Finding the Fits: Williams hoping to Roll Tide in Seattle
The Seahawks struck gold in the fifth round under general manager John Schneider and head coach Pete Carroll before, landing Richard Sherman and Kam Chancellor. Could former Alabama strongman Jesse Williams make the league's stingiest defense even more ferocious?
This article is one of a series called Finding the Fits in which NFLDraftScout.com will review some of the more intriguing picks made during the 2013 NFL Draft. The goal of the series is to identify one relatively unheralded player per team who appears to be a good schematic fit and, therefore, more likely to be a surprise contributor early in his pro career.
Seattle's best fit: DL Jesse Williams, Alabama, Fifth Round, No. 137 overall
In allowing a league-low 15.3 points a game last season, the Seahawks' defense developed a reputation as one of the fiercest and most intimidating units in all of the NFL. Head coach Pete Carroll's defensive schemes certainly played a part. So, too, did astute drafting by general manager John Schneider and his staff. Perhaps the most understated reason for Seattle's dominating defense last season, however, was simpler -- the Seahawks were simply tougher and more aggressive than most opponents.
As such, it might feel a bit like a homecoming for rookie Jesse Williams, arguably the most fearsome defender in college football the past two seasons.
Nicknamed "Tha Monstar" at Alabama in part due to his heavily tattooed and massive frame (6-foot-4, 323 pounds), Williams ranked as one of the stouter run defenders in the 2013 draft and was widely viewed as a second-round value.
Instead, the former All-SEC defender slipped into Day 3 due in large part to medical concerns. Many scouts feel that the fifth round is the appropriate place to roll the dice on medical and character concerns. Seattle didn't waste much time once the fifth frame began, trading picks No. 165 (fifth round) and No. 199 (sixth) to the Detroit Lions to select Williams with the fourth pick of the round.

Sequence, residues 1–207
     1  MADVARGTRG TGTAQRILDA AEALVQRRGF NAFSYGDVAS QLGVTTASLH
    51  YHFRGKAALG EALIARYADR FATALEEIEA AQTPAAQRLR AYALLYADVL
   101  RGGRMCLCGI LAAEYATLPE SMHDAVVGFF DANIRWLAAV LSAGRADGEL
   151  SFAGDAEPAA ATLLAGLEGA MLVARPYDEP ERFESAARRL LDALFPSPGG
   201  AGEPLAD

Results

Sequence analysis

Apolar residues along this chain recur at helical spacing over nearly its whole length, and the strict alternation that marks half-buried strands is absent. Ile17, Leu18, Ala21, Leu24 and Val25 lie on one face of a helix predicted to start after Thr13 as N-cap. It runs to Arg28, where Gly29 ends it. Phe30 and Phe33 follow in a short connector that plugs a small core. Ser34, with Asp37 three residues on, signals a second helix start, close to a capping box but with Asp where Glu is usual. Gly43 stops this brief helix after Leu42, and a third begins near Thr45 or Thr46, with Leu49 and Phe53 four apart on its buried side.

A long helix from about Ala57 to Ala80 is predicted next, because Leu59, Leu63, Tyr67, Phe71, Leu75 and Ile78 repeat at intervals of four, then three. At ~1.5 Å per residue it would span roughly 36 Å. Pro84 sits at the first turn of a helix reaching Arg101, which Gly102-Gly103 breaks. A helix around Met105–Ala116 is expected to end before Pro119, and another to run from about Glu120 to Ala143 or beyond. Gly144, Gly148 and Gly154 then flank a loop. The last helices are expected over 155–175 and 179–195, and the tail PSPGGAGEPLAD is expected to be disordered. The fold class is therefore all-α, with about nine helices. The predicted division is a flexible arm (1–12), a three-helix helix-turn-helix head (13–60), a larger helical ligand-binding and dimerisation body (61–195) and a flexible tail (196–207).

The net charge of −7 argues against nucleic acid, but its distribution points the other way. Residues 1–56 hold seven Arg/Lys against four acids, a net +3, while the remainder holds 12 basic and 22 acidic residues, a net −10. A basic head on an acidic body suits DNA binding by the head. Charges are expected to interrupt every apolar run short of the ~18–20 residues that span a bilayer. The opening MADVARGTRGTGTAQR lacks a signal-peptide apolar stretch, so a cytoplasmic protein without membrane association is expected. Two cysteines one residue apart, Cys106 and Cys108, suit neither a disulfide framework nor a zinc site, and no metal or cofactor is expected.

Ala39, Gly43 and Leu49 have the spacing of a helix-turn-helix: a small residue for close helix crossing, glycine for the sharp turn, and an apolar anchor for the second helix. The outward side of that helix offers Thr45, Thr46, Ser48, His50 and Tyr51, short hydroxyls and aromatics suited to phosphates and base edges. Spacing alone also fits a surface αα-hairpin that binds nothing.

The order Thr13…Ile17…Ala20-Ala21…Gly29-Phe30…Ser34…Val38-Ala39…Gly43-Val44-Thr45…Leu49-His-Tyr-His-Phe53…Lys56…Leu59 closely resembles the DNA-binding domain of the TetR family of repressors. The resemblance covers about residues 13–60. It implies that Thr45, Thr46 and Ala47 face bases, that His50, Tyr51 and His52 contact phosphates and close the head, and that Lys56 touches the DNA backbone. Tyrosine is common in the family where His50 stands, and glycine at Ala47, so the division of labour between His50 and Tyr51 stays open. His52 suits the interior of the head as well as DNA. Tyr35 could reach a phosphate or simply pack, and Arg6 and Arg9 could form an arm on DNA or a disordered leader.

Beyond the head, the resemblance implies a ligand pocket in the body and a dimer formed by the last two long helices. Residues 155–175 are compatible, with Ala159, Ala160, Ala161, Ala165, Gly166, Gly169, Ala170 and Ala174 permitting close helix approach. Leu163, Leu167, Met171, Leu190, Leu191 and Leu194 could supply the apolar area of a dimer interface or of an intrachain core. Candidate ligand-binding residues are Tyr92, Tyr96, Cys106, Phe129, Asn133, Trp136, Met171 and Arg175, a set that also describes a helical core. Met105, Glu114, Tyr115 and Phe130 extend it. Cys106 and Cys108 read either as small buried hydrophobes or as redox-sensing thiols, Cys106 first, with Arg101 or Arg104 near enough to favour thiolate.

Williams twice underwent knee surgery while at Alabama, the most recent procedure taking place following Alabama's victory over Notre Dame to win its second consecutive BCS title. Recovery from surgery kept Williams sidelined for much of the combine. And while he performed well at Alabama's Pro Day, teams obviously remained concerned about his recovery.
Seattle initially pegged Williams as a three-technique defensive tackle. The Seahawks brought in former Miami Dolphin Tony McDaniel to help replace free-agent defection Alan Branch (Buffalo Bills), but Williams, as well as fellow rookie Jordan Hill, could wrestle away the starting role next to nose guard Brandon Mebane.
Since arriving in Seattle, however, Williams hasn't just impressed at the three-technique position but as a backup to Mebane on the nose and as a five-technique defensive end, as well. This isn't surprising, considering he played both roles well when called upon by Nick Saban and his staff at Alabama.
Following the draft, Carroll lauded his newest pupil.
"This is a really cool football player," Carroll said. "He's very, very strong, he's naturally stout and he's got a great toughness about him."
For a club that prides itself on toughness, Williams looks like the perfect fit.
Rookies bring the spackle to Seattle (other thoughts on the Seahawks' 2013 draft class)